As home interior experts, we get asked tons of questions daily about the smallest or simplest facts. And that’s okay! They’re the easy ones we love to use to help educate our hard-working customers. It’s our job to provide solutions for your home, and we’re happy to do so.
Recently, we were asked, “What is the difference between blinds, shades, and shutters?” And today, we are going to dive in and explain the differences for you.
A little disclaimer here is necessary before we begin—depending on what region you’re in, you may find that people have different definitions for each. However, the answers we provide here are the most ubiquitous.
The Differences Between Blinds, Shades and Shutters
The best way to describe their unique feature is that a blind is a “hard” window treatment. That is, it’s made of a material that is stiff, and largely composed of vanes (or slats) that tumble downward as you lower it. However, vertical blinds don’t adhere to that last rule, so you see where there may be some interplay between terms.
Blinds can be found in a number of styles and materials, lending them the ability to match any look, traditional, classic, modern, or anything in between!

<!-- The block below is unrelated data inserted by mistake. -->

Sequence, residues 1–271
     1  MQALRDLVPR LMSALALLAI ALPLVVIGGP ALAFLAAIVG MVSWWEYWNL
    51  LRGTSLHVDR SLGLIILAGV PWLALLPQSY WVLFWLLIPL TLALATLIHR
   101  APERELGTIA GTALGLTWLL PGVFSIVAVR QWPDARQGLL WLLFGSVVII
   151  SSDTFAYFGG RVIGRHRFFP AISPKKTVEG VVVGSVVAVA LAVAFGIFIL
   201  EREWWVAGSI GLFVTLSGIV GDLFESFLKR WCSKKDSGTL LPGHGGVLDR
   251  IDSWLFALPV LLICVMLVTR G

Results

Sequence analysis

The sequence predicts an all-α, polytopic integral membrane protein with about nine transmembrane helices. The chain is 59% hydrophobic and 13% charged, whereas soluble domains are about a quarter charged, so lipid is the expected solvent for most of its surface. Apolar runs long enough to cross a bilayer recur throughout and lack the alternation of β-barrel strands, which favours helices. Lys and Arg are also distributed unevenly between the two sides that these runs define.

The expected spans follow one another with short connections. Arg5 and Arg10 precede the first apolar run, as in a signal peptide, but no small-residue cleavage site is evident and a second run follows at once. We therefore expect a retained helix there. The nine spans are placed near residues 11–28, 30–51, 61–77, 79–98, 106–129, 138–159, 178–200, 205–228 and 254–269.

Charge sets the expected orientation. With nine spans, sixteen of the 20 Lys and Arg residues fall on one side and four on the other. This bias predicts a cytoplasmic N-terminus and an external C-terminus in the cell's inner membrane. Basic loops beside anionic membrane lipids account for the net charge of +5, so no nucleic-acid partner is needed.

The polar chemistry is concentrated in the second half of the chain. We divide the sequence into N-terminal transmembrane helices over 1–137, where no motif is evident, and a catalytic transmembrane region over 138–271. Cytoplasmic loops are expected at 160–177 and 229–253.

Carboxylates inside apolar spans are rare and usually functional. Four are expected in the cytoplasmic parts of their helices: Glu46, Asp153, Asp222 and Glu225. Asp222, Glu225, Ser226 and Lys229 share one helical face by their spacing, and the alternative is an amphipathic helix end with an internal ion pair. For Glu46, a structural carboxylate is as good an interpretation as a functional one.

Where blinds are a “hard” window treatment, shades are “soft”—meaning, they are made of a soft, lighter material that moves up and down on a continuous roll to cover a window. Shades are “drawn” up and down on a roll utilizing a spring device.
With no slats or vanes to speak of, shades are the preferred window treatment for insulating a home. Though shades do not offer the utility of being able to adjust how much light is let in on the fly, the wide variety of materials you can construct a shade from offers plenty of options for homeowners. Not to mention the plethora of styles shades are offered in, such as honeycomb, roller and solar, roman, cellular, and woven wood, the sky is truly the limit with this type of window treatment. You can really get creative!
The difference between a shutter and a shade would be plain as day, but between a shutter and a blind is often where people make a misstep.
The biggest difference is that shutters are typically found on the outside of your home, and are closed to protect your windows from the elements and when you’re away. There is such a thing as indoor shutters though, and the way we like to define them from blinds is by pointing out two key points. Shutters are a stationary set of blinds with a rod attached to the slats for rotation, and usually include a locking mechanism for keeping them shut.